Researchers at BRIC, University of Copenhagen, have identified a new gene family (UTX-JMJD3) essential for embryonic development. The family controls the expression of genes crucial for stem cell maintenance and differentiation, and the results may contribute significantly to the understanding of the development of cancer.

All organisms consist of a number of different cell types each producing different proteins. The nerve cells produce proteins necessary for the nerve cell function; the muscle cells proteins necessary for the muscle function and so on. All these specialized cells originate from the same cell type – the embryonic stem cells. In the highly controlled process of differentiation, the stem cells are induced to become specialized cells.

The pictures to the left show a normally developed gonad and how oocytes (eggs) are situated. At the pic-tures to the right are shown examples of defects in the gonads and how the oocytes accumulate due to the lack of one of the C. elegans JMJD3 proteins. Photocredit: Helin group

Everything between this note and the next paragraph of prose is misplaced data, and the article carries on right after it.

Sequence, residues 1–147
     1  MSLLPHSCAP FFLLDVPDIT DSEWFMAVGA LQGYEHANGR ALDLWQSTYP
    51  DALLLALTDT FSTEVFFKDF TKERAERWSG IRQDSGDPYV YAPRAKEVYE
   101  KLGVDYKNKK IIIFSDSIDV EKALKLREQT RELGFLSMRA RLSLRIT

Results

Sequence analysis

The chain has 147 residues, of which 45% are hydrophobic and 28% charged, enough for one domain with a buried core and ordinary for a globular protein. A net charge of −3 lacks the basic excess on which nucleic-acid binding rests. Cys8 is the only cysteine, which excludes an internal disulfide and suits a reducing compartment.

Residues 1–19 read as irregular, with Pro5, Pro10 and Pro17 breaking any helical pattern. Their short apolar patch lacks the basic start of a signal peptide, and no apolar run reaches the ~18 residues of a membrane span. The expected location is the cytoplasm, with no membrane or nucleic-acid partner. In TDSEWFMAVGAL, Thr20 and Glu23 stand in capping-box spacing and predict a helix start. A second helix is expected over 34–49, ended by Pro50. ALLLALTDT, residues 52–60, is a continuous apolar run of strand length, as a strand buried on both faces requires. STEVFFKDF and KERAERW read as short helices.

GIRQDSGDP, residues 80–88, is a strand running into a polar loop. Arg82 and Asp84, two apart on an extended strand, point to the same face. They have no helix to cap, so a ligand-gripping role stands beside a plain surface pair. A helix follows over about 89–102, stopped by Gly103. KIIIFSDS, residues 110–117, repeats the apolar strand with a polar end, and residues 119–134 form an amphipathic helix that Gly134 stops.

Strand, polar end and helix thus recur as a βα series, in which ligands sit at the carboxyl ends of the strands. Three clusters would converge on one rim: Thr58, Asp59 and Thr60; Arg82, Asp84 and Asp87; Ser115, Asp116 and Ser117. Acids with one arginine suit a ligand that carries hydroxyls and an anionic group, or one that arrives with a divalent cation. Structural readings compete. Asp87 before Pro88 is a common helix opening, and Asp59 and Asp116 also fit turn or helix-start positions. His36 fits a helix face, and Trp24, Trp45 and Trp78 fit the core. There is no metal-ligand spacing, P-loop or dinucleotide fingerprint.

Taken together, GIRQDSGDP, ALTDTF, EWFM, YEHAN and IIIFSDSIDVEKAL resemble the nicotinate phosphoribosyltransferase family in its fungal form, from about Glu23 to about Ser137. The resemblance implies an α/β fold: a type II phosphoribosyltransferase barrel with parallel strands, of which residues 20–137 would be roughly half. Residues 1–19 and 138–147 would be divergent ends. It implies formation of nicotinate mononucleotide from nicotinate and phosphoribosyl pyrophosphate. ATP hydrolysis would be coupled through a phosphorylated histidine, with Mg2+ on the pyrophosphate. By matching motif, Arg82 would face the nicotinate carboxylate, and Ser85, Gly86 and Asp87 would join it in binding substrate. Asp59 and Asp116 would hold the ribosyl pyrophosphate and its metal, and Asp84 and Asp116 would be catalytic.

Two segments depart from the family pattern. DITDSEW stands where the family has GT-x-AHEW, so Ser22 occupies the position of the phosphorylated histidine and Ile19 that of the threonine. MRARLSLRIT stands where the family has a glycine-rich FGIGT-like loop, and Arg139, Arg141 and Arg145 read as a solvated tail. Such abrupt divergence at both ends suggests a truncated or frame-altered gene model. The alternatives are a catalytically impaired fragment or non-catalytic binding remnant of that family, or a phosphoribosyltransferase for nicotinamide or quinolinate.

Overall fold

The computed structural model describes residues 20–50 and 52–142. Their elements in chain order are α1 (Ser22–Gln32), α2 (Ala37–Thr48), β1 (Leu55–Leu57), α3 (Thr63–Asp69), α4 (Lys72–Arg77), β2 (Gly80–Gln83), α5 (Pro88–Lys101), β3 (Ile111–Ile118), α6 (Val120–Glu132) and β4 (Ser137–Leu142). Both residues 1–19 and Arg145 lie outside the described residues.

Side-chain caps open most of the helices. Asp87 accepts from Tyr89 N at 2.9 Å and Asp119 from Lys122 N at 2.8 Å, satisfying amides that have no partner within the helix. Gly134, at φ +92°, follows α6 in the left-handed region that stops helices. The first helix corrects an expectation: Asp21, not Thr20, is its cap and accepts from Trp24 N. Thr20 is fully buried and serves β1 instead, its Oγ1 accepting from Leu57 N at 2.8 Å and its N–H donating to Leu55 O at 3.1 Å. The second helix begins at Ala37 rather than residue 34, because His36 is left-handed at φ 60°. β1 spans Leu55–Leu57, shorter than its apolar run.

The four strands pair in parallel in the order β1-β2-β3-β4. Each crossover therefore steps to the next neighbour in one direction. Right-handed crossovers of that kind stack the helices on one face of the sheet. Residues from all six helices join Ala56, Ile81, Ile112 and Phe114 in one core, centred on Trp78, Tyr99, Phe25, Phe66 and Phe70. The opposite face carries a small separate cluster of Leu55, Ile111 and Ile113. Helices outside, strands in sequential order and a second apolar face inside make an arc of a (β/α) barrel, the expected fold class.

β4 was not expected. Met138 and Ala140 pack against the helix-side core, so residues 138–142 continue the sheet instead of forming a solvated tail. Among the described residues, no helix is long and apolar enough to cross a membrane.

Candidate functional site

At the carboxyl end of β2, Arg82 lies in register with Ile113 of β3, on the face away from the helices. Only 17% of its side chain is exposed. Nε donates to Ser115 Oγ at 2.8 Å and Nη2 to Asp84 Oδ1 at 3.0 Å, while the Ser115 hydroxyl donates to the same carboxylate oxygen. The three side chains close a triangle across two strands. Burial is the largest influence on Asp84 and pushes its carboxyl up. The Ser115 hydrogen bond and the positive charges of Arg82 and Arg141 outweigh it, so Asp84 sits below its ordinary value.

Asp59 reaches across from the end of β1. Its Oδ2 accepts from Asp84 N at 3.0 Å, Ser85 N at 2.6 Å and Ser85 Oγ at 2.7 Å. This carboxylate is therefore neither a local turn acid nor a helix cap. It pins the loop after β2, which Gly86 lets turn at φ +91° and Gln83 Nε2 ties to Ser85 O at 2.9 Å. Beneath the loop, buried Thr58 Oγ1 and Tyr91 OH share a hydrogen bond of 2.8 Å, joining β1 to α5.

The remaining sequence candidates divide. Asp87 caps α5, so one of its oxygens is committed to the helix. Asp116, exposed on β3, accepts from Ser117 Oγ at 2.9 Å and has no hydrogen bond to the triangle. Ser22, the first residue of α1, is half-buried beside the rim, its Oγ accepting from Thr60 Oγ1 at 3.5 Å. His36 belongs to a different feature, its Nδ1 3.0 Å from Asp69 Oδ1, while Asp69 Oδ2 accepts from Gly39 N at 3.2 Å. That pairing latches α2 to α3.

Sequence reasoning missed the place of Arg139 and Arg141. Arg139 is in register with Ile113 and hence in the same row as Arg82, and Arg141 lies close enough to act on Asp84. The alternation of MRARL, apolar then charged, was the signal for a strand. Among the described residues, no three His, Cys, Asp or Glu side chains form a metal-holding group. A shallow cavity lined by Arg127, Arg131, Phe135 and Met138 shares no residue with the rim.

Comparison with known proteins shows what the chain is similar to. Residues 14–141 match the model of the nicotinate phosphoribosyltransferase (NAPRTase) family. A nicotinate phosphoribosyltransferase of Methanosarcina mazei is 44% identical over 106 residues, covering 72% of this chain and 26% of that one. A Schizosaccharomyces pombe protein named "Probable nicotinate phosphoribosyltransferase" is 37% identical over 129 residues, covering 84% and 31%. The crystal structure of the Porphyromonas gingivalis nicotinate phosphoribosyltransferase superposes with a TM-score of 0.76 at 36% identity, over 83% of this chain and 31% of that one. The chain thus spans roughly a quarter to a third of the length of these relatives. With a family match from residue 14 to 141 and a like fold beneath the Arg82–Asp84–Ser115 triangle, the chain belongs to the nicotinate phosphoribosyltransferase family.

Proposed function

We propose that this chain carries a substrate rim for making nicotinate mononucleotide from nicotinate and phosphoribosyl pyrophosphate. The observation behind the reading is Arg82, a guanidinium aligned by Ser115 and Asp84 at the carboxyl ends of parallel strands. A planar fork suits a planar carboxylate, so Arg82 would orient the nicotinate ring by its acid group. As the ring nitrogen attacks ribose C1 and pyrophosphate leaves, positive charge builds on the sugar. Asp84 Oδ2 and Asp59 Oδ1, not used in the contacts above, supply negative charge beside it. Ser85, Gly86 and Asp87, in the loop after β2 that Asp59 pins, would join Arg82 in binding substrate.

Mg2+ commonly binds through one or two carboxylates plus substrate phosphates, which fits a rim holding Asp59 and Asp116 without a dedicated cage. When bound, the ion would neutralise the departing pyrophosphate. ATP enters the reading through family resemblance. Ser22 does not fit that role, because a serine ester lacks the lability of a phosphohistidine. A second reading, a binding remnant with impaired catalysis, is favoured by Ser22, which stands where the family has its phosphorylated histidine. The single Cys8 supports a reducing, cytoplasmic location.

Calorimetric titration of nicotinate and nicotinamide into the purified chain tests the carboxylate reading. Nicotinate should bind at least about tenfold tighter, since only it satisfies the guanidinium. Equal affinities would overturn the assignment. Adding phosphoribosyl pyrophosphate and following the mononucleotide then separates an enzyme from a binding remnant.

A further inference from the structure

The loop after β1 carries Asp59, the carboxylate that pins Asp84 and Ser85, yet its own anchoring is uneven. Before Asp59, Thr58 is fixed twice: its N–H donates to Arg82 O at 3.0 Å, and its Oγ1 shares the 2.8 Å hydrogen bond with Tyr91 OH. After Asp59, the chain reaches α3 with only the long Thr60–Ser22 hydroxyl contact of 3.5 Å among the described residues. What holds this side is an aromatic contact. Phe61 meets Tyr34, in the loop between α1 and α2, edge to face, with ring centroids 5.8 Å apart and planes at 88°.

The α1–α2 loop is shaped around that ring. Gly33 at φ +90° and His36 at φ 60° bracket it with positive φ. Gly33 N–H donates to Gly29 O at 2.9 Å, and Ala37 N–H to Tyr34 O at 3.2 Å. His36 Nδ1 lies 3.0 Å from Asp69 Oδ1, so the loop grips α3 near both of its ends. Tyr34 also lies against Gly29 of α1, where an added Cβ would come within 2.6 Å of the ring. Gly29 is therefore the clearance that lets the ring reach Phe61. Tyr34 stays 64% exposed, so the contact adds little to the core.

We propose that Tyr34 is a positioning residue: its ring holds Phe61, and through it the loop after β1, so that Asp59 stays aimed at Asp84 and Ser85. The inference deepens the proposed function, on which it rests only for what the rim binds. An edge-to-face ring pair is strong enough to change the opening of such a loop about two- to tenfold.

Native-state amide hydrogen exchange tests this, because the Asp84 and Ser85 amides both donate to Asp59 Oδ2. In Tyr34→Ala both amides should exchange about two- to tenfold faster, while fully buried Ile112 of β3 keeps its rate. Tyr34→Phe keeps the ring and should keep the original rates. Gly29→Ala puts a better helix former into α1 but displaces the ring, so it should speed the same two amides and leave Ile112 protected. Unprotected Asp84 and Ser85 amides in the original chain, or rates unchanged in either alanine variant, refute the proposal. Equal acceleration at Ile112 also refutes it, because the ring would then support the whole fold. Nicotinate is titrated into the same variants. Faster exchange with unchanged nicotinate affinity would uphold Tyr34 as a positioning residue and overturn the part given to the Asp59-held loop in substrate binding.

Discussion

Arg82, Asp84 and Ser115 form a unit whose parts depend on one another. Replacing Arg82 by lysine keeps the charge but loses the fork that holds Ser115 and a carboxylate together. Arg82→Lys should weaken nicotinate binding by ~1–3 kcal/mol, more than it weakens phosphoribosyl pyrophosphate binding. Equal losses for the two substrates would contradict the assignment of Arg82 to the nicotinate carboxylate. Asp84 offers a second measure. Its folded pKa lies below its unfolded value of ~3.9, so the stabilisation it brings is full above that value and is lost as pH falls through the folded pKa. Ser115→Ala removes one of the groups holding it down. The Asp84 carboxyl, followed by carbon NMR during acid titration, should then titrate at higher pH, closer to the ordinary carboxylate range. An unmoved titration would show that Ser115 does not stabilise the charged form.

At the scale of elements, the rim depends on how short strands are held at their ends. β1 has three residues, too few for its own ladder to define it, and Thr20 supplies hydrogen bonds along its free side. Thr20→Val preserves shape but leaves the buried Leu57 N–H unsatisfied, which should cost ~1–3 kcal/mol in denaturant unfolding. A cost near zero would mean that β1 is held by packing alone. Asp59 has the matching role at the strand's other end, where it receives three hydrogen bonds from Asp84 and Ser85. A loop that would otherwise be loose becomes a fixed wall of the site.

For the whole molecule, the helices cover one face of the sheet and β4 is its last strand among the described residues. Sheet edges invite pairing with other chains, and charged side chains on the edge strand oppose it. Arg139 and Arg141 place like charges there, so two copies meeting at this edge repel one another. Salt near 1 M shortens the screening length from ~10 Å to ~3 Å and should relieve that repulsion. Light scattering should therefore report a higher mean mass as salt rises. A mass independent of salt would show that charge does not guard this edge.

The BRIC researchers have now identified a new gene family, which by modifying gene expression is essential for the regulation of the differentiation process. These results have been obtained by using both human and mouse stem cells, as well as by studying the devel-opment of the round worm, C. elegans.

The new findings are in line with a number of recent publications that support the idea that differentiation may not entirely be a “one-way process”, and may have impact on the therapeutic use of stem cells for the treatment of various genetic diseases such as cancer and Alzheimers disease.

The research was carried out by a team led by Professor Kristian Helin at the new established Centre for Epigenetics at BRIC, University of Copenhagen, in cooperation with researchers at the University of Edinburgh, and the Weizmann Institute of Science, Israel.

Article: Nature Vol. 449